DCTC’s Comments on Proposed Prisoner Rape Standards

DCTC has submitted public comments to the US Department of Justice regarding the Standards for the Prevention, Detection, Response and Monitoring of Sexual Abuse in Detention currently under review by the US Attorney General. (Click to read all of our testimony.) As grassroots organizers, we wanted to share the experiences and perspectives of our local communities, and to ensure that the unique needs of trans prisoners are not left out. As we state in our testimony, the present system for preventing sexual abuse in detention is broken, and trans individuals often feel the brunt of this. For the trans community and for many others, it is urgent that we adopt these standards without delay as an important step toward addressing the massive human rights violations that go on every day across this country. Here is an excerpt from our comments:

In the 1994 Farmer v. Brennan US Supreme Court case, a trans woman incarcerated in a male prison complained that the prison administration had shown “deliberate indifference” to the repeated sexual abuse she faced.  The Supreme Court declared that the prison has a duty under the Eighth Amendment to provide humane conditions of confinement, including the obligation to ensure that inmates receive adequate food, clothing, shelter, and medical care, and are protected from violence at the hands of other prisoners. Placing an individual who presents herself and lives her life as female in a male unit is practically ensuring that she will be raped. To fully eliminate sexual abuse in detention, correctional systems must also acknowledge that trans individuals are at a heightened risk and that protecting them from abuse will require flexible housing policies that prioritize their safety. The obligation to prevent sexual abuse requires correctional systems to end the practice of making housing placement decisions based solely on genitalia, or excessively relying on protective custody and administrative segregation.

The standards under review are an extremely important step toward fixing this problem. No matter how big or how small, all corrections facilities must institute basic policies and practices to keep inmates safe. The final standards should include a broad definition of prisoner rape, acknowledging vulnerable prison populations including trans individuals.  Whatever form sexual abuse takes, it is always wrong; unchecked harassment frequently leads to more serious abuse. Morally, we must end rape without delay.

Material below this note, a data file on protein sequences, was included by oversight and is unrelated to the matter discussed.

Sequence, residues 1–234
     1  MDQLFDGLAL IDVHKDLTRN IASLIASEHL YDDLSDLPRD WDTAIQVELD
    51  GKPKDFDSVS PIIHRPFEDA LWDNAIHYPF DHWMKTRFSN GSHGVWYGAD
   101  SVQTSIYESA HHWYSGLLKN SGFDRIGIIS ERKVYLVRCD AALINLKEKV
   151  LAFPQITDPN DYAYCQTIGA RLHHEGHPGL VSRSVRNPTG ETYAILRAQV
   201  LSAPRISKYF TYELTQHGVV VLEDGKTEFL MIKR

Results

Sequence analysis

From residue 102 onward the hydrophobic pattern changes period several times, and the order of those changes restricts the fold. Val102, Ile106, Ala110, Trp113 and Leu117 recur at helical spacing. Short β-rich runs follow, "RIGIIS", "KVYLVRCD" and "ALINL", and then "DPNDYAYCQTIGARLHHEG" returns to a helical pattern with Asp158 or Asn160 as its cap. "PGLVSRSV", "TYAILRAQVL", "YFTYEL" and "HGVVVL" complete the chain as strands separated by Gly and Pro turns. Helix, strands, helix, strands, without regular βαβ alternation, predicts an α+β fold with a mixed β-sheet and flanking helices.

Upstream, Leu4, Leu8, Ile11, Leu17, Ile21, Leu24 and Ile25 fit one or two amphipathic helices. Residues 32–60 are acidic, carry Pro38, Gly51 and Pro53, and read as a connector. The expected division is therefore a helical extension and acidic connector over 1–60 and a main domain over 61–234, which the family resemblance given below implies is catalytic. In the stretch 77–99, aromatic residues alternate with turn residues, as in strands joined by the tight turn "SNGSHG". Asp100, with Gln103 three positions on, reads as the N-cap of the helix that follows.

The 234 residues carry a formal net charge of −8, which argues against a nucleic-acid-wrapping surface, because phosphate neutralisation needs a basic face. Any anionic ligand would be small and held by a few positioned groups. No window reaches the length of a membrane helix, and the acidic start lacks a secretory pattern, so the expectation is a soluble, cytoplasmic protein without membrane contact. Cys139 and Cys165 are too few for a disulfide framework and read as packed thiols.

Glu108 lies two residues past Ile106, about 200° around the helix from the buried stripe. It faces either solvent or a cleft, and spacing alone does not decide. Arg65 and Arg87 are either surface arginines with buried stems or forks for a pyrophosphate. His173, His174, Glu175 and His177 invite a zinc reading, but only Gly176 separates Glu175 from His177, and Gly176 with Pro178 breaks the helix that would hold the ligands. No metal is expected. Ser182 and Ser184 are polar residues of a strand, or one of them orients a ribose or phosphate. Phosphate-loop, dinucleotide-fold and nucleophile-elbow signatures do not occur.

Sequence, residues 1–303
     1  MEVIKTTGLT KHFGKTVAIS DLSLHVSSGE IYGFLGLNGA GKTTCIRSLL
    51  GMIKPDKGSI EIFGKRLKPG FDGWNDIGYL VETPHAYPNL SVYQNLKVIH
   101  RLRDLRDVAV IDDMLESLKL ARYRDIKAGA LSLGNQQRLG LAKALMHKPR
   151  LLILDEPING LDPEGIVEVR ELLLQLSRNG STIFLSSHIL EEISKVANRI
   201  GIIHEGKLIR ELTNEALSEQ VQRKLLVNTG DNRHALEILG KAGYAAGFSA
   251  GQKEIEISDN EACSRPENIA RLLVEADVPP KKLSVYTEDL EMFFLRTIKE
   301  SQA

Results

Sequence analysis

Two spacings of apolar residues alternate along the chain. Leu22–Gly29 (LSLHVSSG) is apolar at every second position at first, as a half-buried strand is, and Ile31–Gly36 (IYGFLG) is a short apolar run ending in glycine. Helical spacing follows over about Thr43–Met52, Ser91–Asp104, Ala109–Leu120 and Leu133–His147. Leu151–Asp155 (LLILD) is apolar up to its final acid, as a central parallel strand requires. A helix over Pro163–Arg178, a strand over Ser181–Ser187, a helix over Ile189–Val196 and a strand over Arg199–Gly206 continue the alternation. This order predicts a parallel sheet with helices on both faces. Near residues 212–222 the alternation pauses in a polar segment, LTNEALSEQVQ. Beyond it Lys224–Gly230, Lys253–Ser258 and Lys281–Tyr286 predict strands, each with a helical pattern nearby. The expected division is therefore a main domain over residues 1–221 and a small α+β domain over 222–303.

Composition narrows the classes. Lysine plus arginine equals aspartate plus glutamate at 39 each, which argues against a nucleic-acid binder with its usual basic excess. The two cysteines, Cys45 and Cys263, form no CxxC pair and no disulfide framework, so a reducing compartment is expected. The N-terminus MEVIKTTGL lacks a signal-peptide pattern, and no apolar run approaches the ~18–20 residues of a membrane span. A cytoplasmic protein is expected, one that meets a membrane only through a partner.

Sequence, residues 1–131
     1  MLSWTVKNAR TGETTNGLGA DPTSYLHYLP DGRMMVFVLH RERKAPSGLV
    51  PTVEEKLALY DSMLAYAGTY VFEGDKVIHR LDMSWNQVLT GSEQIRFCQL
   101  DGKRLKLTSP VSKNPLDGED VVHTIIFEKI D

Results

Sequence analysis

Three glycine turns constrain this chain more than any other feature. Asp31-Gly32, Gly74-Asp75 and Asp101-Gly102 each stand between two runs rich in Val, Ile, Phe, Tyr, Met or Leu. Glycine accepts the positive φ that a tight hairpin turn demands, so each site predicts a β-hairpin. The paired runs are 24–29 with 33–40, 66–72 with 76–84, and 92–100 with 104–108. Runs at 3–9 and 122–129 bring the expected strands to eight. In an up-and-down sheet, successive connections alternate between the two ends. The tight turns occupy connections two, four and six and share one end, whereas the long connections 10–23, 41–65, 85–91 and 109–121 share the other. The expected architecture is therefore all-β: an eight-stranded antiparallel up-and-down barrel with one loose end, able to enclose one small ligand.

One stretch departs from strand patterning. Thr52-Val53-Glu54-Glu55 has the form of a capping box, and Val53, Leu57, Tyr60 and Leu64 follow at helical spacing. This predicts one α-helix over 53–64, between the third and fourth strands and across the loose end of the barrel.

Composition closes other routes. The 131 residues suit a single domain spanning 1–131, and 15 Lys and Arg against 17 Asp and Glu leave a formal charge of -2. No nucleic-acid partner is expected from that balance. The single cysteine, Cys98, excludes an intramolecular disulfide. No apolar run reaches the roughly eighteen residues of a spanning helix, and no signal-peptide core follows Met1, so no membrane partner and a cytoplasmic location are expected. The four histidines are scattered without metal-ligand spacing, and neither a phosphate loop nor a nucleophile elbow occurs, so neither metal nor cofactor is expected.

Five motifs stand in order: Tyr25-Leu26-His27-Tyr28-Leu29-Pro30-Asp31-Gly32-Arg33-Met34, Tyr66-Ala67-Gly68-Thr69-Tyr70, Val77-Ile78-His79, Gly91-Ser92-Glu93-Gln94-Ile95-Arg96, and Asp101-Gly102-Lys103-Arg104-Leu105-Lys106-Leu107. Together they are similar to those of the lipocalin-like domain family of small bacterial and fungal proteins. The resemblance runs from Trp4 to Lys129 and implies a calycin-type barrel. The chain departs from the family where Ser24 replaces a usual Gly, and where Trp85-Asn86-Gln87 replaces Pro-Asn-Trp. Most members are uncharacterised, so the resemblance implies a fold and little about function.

Below the cut, read more about the Standards, the Prison Rape Elimination Act, and how to submit your own comments to DOJ, in a press release from Just Detention, International.

For Immediate Release
Contact:
Darby Hickey
(202) 580-6935
dhickey@justdetention.org


Department of Justice Solicits Public Comments on Prisoner Rape Standards
Basic provisions to end sexual abuse in detention move forward

Washington, DC, March 10, 2010. In an important step to implement the U.S. Prison Rape Elimination Act (PREA), as of today the Department of Justice is soliciting public comments on the recommended Standards for the Prevention, Detection, Response, and Monitoring of Sexual Abuse in Detention. Developed by a bipartisan commission created under PREA, these recommendations are the product of years of input from corrections officials, criminal justice experts, advocates, and others. They have the potential to become the most important tool so far in the effort to end sexual abuse behind bars. The public comment period will run until May 10, 2010.

Notably, today’s Advance Notice of Proposed Rulemaking also states that the Attorney General is seeking to eliminate a regulation that bars the use of Victims of Crime Act funds to assist incarcerated prisoner rape victims. Just Detention International applauds the Department of Justice for recognizing that incarcerated victims should be able to receive the treatment and rehabilitative services available to rape victims in the community.

Although PREA stipulates that U.S. Attorney General Eric Holder take no more than one year to review and formalize the standards, which were released on June 23, 2009, it is clear that Holder will not meet that deadline. This delay is due, in part, to a problematic cost projection study currently underway, contracted to Booz Allen Hamilton. The study does not take into account the dramatic benefits — in both fiscal and human terms — of implementing the standards.

“Any considerations of the cost of sparing men, women, and children the devastation of rape must be understood in light of the dramatic benefits of doing so — to prisoners,  to corrections systems, and to society as a whole,” said Lovisa Stannow, Executive Director of Just Detention International. “When the government removes someone’s liberty, it takes on an absolute responsibility to protect that person from abuse.”

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Just Detention International seeks to ensure government accountability for prisoner rape; to change ill-informed public attitudes about sexual violence in detention; and to promote access to resources for those who have survived such abuse.

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